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A Travel Guide More Befitting of the Times
on March 25, 2012
With the newest iteration of Anthony Bourdain's creative energy, "The Layover", comes a more caffeinated, frenetic, ADD travel television experience then its predecessor, "No Reservations".
"The Layover" places viewers alongside Tony as he tackles major "layover" hubs in as little as 24-48 hour time windows. This format dictates the show in every way. Gone are the obscure destinations of "No Reservations" (because who has a 48-hour layover in Kazakhstan?). Gone are the long leisurely lunches with a local family in a villa on the outskirts of Firenze (there's no time!)
In the new format, we follow Tony from the airport, and into cities like Hong Kong, Rome, New York, Miami- or some other big booming metropolis. In these urban playgrounds of food and drink, Tony fills the camera with an intense and hilariously entertaining television experience- ones more befitting tequila shots than sips of Cabernet.
Each episode includes Tony reading excerpts from a prototypical "travel guide", which includes advice like, "when in Hong Kong in the heart of summer, the travel guide would encourage one to be sure to walk in the shade so as to avoid the powerful sun."
Tony's reactions to stale travel advice such as this is in many ways the thesis of "The Layover"- this is a new type of travel guide, one more befitting the way people (and particular the audience that watches Tony's shows) travel today.
The new-age travel guide that is "The Layover" is a multi-media platform (which offers complementary blog posts, Twitter feed, Facebook page, and television programming). This new, media-rich platform is visually pleasing, real, practical, fun, irreverent, originally-curated, frenetic, and fast-paced like the travel preferences of so many people, and particularly of hard-working, young people around the world. Not everyone has the time or money for a two-week trip to the Italian countryside. But a weekend in Miami? Much more doable.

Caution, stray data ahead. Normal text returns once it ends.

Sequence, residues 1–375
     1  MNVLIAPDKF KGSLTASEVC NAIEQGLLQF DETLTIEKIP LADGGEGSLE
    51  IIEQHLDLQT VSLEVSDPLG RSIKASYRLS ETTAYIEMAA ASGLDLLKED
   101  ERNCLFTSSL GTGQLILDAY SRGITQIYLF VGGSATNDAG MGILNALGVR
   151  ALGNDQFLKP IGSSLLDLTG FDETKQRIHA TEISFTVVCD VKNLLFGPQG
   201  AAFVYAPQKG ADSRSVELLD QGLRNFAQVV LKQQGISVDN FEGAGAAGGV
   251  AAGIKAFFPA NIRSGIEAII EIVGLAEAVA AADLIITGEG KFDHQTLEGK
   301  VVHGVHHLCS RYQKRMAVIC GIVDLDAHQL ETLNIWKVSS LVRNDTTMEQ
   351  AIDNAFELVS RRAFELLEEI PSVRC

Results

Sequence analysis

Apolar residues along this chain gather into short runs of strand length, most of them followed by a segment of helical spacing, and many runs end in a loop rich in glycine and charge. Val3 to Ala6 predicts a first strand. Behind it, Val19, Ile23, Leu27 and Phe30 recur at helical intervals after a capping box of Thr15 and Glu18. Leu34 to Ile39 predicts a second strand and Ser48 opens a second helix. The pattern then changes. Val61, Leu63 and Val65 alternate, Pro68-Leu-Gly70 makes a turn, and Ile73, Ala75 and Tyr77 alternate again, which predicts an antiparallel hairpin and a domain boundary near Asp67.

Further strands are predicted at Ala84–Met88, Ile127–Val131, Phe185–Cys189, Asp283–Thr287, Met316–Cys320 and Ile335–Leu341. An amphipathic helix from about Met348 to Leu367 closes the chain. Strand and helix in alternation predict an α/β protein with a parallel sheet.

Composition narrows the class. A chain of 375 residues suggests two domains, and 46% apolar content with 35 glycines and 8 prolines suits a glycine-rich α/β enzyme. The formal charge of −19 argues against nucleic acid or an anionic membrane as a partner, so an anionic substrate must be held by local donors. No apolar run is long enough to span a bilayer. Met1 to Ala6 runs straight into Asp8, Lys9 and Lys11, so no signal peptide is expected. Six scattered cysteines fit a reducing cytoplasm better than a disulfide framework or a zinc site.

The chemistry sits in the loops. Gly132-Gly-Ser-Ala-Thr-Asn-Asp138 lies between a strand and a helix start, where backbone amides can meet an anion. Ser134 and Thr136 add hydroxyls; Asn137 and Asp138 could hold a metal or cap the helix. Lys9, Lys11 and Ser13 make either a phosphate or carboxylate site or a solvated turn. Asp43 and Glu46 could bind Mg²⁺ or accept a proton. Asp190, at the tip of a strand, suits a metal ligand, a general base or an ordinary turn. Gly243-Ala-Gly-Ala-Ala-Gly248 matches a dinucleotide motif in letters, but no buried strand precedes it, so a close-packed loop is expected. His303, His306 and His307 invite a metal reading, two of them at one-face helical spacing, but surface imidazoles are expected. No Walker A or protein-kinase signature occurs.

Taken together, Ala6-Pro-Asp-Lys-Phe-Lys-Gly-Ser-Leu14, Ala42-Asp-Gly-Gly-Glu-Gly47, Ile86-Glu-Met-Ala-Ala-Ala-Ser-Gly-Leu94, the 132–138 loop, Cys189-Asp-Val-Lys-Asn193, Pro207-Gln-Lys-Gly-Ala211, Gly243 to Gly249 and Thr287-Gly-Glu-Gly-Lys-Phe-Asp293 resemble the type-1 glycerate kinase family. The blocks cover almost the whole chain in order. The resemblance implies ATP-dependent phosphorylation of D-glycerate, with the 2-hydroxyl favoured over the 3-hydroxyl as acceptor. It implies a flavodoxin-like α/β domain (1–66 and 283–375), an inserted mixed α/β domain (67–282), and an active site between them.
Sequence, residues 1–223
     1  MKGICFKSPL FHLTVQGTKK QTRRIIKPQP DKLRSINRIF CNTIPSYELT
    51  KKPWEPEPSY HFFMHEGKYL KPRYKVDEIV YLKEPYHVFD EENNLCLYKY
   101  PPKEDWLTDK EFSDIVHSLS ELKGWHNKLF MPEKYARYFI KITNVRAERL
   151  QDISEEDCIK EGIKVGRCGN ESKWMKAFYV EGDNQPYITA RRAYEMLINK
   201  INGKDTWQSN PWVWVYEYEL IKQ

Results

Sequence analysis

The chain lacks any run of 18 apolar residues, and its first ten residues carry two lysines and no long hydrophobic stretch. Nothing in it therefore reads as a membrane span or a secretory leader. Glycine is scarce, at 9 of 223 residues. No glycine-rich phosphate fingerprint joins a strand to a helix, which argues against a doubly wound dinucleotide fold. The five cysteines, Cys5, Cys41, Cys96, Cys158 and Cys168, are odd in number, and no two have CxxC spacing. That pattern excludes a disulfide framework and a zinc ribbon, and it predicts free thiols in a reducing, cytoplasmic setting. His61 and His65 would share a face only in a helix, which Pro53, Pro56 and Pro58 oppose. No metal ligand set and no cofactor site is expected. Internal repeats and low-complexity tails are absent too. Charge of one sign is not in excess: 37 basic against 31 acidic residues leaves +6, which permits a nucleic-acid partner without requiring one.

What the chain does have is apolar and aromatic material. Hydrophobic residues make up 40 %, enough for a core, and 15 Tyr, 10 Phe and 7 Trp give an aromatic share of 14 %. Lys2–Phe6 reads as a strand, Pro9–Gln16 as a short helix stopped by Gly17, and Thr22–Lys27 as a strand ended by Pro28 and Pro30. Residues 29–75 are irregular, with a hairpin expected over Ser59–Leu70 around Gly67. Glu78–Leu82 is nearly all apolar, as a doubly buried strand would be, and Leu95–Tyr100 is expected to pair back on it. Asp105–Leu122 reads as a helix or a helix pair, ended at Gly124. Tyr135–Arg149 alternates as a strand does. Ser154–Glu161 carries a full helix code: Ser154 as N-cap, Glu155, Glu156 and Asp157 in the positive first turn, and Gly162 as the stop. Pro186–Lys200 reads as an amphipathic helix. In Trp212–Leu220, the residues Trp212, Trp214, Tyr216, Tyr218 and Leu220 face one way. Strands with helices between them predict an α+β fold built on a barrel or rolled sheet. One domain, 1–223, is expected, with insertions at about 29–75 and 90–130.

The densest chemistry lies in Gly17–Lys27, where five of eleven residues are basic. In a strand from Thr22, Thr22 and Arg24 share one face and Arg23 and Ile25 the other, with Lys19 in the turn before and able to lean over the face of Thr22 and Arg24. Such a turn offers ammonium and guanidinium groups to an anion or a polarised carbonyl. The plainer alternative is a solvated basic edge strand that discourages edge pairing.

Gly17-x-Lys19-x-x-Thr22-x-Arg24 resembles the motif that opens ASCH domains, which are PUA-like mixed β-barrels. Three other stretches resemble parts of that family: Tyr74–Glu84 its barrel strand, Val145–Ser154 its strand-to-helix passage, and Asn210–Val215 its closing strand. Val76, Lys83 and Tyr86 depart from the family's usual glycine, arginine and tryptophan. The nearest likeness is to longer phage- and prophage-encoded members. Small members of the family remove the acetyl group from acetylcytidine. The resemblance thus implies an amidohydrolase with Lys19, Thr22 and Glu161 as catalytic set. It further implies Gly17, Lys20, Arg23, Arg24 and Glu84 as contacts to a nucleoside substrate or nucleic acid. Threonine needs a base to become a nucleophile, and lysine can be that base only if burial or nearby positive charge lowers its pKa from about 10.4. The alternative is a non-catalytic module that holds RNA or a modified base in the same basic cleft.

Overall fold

In this new format, Tony's behavior on the "The Layover", different from the quality of his show, has degenerated below even the lowest levels it reaches on "No Reservations", but in a wholly appropriate and entertaining way.
In Miami, for example, the show concludes with a Tony Montana-like scene, with Tony Bourdain slamming a bottle of Champagne in the scant light of dawn, dressed in a white hotel bathrobe, as he stares from his hotel room's balcony, out and over the city he has just blustered through like the Blitzkrieg.
Isn't such behavior easier to justify during a layover, clouded as they are in a haze of jet lag? In a place where you never really get your bearings straight, and are likely to never run into the people you encounter there more than once? In such a setting, Tony seems to be saying: why not let yourself go? It's an intense burst of time that certainly allows for a more irreverent tone. Tony's drinking and blustering is a little more digestible, nay welcomed, when you realize he is just in town for a brief jaunt, and that it never at any point becomes disrespectful.
As a viewer, what makes this show all the more pleasing is you get to experience all the joys of a layover, with none the accompanying headaches. Delayed flights, diarrhea, bad meals, grouchy cab drivers- all these nightmares stay off screen. Meanwhile we get to drive with Tony through bright, big-city lights and past beach boardwalks and girls in bikinis. We sit in on marathon nights of drinking, and meals full of endless plates of rich foods. All this, without stopping for a nap or to sit on a toilet. No jet lag. No nausea. Tony fights with that for us- with the cameras securely turned off. We just get to party and travel, and wish we had the life of Tony.